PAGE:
Thursday, December 24, 2009

Worst Op-Ed of 2009? (updated)

I cannot honestly say whether this is the worst op-ed of the year, since I have not read that many, but it is very weak nonetheless.

It does contain the most questionable assertion/abuse of an analogy:
If nothing else, the wars in Iraq and Afghanistan have shown that the United States military can oust regimes in weeks if it wants to.
 Iran is not Iraq, and it is not Afghanistan.  And the US ability to conduct regime change in Iran is pretty limited, given its existing commitments in the neighboring countries. And, if Iraq has taught us anything, it is not the first step that is the biggest problem but the next--what to do with a broken country?

It also contains the strangest assertion of the year:
(Israel could implicitly threaten nuclear counter-retaliation, but Iran might not perceive that as credible.)
Really?  Israel would not use nuclear weapons if a WMD was used against it?  This is an incredible threat?  Why should we believe Kuperman here?   What is the logic?  Evidence?  This major point is a parenthetical expression? 

The article basically says that the air strikes would probably not work,  but we should do it anyway.

Yes, political scientists should generalize from other cases, so there are lessons to draw from Iraq and Afghanistan for Iran, but perhaps the limits of military power might be one of them.

For a more thorough takedown and one in context, see Marc Lynch's blog.


paxamericana said...

This is pretty disappointing. I've read Kuperman's The Limits of Humanitarian Intervention and thought it laid out a convincing argument--or at least presented a useful check against the idea that an military force can simply swoop in and save the day without considering the logistics (and I'm someone who thinks we should have intervened in Rwanda). But this is just a series of unsupported assumptions strung together. Does he really think that that the NATO bombings in Bosnia is an apt comparison to a potential bombing of Iran? Are there a lot of neoconservatives at the LBJ School who have influenced his thought, or is this just bad cost-benefit analysis gone horribly awry?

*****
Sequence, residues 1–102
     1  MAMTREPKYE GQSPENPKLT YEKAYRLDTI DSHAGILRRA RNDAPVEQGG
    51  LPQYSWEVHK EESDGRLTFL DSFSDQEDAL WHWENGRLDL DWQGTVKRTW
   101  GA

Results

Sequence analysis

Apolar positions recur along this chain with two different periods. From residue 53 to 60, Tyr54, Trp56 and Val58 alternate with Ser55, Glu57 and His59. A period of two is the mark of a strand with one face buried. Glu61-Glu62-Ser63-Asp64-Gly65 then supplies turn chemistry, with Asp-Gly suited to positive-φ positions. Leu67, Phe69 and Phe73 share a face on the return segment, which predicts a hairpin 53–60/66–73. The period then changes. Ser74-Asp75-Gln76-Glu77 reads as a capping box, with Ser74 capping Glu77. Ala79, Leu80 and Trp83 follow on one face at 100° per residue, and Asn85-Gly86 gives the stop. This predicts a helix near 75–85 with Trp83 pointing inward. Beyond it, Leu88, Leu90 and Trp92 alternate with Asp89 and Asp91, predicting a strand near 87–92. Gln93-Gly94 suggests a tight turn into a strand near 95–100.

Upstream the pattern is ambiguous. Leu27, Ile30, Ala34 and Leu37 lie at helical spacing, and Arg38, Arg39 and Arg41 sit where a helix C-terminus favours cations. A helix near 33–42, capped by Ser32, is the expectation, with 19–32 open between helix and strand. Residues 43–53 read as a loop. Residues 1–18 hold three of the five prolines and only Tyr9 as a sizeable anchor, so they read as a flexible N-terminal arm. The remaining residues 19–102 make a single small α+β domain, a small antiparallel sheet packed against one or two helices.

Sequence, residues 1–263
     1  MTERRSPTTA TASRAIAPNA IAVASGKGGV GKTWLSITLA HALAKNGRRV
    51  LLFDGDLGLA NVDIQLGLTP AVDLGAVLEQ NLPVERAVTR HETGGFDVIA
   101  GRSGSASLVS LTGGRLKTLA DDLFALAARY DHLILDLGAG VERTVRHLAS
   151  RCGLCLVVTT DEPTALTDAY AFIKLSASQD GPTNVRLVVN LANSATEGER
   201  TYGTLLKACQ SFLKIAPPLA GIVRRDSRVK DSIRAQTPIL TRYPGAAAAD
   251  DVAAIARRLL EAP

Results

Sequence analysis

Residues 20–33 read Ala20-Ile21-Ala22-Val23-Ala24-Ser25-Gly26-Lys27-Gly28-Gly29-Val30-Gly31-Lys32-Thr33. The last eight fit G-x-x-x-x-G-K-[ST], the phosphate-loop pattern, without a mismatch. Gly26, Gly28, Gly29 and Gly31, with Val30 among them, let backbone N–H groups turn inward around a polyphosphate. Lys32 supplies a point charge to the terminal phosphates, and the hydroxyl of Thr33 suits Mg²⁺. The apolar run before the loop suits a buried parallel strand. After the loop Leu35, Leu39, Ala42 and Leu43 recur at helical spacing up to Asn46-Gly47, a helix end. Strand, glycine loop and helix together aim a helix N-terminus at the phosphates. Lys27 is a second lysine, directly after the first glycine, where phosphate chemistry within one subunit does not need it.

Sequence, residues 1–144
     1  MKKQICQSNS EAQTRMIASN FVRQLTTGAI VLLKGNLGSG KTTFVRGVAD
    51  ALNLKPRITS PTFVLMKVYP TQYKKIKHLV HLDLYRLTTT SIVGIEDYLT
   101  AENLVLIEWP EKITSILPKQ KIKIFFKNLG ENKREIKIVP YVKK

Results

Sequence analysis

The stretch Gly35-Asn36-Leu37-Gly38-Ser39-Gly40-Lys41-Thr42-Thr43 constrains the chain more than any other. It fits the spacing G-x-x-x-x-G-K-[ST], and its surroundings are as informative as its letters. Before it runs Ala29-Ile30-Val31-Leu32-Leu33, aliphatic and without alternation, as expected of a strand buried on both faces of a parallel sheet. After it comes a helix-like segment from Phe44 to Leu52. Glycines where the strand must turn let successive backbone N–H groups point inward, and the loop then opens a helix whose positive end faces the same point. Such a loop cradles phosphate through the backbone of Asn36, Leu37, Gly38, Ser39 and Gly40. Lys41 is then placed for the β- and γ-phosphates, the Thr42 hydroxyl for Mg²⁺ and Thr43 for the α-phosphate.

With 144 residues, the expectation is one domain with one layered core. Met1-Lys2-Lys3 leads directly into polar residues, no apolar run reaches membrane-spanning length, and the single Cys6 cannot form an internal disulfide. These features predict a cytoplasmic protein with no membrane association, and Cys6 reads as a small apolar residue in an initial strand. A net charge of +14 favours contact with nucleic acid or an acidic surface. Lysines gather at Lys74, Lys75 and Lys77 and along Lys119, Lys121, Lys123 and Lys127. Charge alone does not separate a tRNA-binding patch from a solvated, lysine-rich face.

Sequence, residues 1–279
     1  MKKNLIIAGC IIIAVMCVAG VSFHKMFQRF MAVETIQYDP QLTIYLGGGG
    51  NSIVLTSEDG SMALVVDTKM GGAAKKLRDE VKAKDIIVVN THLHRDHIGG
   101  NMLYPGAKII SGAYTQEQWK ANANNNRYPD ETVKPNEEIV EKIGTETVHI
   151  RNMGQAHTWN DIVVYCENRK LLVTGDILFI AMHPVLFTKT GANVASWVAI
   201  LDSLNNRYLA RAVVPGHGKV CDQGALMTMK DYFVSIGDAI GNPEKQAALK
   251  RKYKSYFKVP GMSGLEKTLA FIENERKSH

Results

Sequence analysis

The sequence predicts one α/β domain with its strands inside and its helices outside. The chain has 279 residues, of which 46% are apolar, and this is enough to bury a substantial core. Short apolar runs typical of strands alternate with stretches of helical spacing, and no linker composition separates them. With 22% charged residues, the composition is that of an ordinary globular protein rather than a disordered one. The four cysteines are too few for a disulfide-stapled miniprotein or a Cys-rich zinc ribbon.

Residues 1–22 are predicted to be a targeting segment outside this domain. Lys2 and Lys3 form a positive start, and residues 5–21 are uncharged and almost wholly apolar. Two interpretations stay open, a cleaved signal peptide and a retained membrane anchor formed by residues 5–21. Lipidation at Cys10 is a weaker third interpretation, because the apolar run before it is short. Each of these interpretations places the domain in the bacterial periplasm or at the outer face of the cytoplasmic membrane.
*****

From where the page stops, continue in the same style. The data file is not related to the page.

Anonymous said...

I've known Alan for years, and this op ed took me totally by surprise. He's not usually one to be pollyana-ish about the efficacy of military force -- as pax notes, that's the core of his argument on humanitarian intervention. So how he now breezily says we could successfully bomb their program; that bombing would *help* the Iranian opposition; and that if needed we could just do regime change like Iraq/Afghanistan again (!!), I have no idea.